We created a website and a Facebook group that people can join and eventually we got to the point where we’re checking people’s credentials to verify that they were in fact military veterans so that the entertainment industry, if they were to find someone through VFT, we could let them know. Because it’s hard for civilians to know what’s a veteran, what’s not. What most people don’t know a ton about the military, so it’s one of the things we recently implemented. The short answer to your question is that there’s a ton of enthusiasm and it was just the right time for it to come about.

GIM: Does that shared experience of having served in the armed forces help these men and women connect on this new professional level, whether it’s advice or looking for a job opportunity?

KHS: Absolutely. The military is a culture, right? It’s a culture unlike any other within the U.S. or within the world, and only people that have lived and existed in that culture are truly going to understand. Unlike other things like a college you attended or some other way that you may have things in common with other people, the military is an all-consuming experience. It really is hard. It’s tough to transition from that back into the civilian world. It’s almost twofold.

Yes, veterans are going to be many times more likely to help out a fellow veteran within the entertainment industry because they have that shared experience, but also on a reintegration, emotional, cathartic level. We are also there to help each other or get back to being a civilian, a non-military person. So it’s twofold. From the facade, it may seem just like a professional networking and educational organization, but a lot of our members … I’d wager to say most of our members also get a lot out of it from general community and just having a place to fit in. Especially in the entertainment industry, which is big and mean and it can chew you up and spit you out.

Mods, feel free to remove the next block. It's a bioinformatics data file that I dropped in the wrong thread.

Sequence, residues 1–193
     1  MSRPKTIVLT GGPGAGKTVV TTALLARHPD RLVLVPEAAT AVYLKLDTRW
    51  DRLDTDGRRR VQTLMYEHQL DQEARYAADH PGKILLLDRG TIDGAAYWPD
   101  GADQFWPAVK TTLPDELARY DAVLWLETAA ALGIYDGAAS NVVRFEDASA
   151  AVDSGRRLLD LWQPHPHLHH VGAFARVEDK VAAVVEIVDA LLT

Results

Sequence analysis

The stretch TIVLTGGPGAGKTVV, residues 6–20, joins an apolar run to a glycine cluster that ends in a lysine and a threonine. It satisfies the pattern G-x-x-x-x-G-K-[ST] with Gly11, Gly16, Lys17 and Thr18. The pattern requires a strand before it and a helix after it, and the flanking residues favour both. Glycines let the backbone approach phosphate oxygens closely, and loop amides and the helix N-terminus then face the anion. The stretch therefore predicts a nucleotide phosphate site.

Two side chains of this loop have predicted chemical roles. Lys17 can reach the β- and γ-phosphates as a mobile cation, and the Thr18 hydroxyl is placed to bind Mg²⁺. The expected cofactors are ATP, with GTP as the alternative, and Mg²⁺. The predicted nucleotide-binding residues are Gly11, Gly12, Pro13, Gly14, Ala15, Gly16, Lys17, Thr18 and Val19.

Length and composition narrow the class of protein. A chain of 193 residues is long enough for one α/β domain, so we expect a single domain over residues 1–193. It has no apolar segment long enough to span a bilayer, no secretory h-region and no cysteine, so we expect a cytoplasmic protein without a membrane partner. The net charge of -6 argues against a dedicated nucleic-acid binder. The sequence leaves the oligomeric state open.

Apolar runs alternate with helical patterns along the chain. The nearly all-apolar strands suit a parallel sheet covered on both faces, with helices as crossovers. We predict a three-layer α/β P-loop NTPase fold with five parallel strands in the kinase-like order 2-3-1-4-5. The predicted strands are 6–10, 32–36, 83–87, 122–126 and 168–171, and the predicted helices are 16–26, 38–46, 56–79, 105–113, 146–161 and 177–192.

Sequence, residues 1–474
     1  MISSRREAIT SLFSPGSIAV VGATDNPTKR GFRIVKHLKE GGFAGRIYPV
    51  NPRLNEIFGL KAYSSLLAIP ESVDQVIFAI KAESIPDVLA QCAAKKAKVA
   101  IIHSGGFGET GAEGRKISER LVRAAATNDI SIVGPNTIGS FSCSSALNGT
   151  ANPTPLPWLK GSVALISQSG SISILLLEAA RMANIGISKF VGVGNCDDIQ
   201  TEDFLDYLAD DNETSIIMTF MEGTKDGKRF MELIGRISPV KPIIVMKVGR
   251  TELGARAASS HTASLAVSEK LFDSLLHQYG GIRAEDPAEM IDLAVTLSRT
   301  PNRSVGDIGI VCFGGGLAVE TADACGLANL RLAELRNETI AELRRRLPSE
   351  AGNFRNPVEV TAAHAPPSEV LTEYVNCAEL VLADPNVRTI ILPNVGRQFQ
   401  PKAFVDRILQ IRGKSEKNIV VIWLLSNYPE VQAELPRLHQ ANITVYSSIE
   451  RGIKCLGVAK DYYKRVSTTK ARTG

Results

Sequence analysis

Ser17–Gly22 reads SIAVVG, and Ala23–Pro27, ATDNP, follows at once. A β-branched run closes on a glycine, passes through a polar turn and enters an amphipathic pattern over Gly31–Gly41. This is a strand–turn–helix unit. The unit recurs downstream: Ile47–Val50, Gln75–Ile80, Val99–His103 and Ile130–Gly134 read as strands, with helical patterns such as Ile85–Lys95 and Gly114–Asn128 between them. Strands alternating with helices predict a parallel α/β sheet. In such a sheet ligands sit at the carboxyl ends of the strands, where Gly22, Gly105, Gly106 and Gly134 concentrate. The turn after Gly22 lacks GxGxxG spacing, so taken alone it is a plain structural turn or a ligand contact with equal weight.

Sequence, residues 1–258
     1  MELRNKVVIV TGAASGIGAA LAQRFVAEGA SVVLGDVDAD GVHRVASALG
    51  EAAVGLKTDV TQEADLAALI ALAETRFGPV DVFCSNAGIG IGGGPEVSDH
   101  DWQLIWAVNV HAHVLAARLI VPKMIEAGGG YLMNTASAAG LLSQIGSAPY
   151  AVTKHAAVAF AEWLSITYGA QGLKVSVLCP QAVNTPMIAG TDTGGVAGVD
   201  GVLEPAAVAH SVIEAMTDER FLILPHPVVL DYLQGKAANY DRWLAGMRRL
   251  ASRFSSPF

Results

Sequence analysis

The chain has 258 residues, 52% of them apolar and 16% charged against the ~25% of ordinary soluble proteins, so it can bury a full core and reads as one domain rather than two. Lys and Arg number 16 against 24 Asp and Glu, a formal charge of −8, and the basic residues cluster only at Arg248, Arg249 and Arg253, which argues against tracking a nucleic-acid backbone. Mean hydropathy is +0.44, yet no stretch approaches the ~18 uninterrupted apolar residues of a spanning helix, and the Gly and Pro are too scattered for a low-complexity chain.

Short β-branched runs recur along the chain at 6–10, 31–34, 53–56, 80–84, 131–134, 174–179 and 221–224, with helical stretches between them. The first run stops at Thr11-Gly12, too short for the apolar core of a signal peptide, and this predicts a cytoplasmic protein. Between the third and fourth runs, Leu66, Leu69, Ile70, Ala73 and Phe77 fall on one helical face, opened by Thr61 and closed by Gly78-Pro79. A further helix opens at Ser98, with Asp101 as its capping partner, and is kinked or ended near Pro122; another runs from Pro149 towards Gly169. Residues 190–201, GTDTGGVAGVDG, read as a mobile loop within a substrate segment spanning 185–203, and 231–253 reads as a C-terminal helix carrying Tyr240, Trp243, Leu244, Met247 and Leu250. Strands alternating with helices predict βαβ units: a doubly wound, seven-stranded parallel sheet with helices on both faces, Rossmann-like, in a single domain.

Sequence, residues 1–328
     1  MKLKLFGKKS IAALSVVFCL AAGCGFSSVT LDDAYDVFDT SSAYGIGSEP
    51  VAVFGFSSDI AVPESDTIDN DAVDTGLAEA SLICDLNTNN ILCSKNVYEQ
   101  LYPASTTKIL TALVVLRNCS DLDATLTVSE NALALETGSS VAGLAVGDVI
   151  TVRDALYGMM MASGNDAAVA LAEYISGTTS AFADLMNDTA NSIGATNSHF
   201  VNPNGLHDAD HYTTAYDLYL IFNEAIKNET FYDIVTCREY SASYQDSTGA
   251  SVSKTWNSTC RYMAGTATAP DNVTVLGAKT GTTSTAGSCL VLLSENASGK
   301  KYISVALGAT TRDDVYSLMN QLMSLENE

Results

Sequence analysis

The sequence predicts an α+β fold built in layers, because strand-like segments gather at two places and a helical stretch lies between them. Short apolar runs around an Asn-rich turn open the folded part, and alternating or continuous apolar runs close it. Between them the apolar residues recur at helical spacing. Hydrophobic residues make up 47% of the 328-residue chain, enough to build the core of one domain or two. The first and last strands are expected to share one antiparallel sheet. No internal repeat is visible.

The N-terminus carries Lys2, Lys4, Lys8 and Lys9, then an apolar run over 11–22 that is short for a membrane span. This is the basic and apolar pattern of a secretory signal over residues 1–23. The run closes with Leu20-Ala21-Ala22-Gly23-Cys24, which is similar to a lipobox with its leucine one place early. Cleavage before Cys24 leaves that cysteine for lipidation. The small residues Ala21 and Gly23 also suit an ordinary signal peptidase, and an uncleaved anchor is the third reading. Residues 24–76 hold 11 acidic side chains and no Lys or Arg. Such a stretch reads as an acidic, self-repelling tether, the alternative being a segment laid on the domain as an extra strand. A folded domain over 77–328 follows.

GIM: Does having that shoulder of having fellow veterans around help in combating some of the issues that veterans deal with in terms of coming back and trying to find work. Unemployment, especially among veterans, is still incredibly high. I think at last check it was around 7 percent with disability and job training and what not. Does this help push that along where other aspects of society and the workforce aren’t really capable or willing to deal with those issues?

KHS: Yes. We’re not a general veteran advocacy organization. We’re very focused on just film and television. But I think that the veteran unemployment rate is proportional to that of the rest of the country. There are actually a lot of misconceptions about veterans. How many are homeless, how many are unemployed. I think it’s tragic, and I think it gets more attention because people don’t like the idea that people who have volunteered to serve their country  come back and they’re unemployed or homeless. But if you compare veterans to the country as a whole, the percentage of veterans that actually are employed and not homeless is about the same.

Again that’s getting a little bit outside of our purview, but as a veteran myself, it is kind of frustrating every time you see in the news about that. We don’t like when people say that when they think of a veteran they think, “unemployed.” You think “homeless.” But we’re actually not. The percentage of men and women that have served in the armed forces now, especially in Iraq and Afghanistan, is less than 1 percent. Of that very small, small group of people, there’s never been such a small group of Americans that have served in the military, so when you take that very small group and so many of them are homeless, yeah, the percentage might be high, but proportionally.

Anyway, the reason I bring that up is that one of the things we’re trying to do with VFT is to shift the perception of veterans through film and television. There are organizations out there like [Iraq and Afghanistan Veterans of America] and Got Your 6. I would definitely look into them. There’s a whole lot of good stuff on their website and they’re a bigger umbrella organization that organizes a lot of other veteran organizations. A lot of veteran service organizations are concerned with different veteran issues.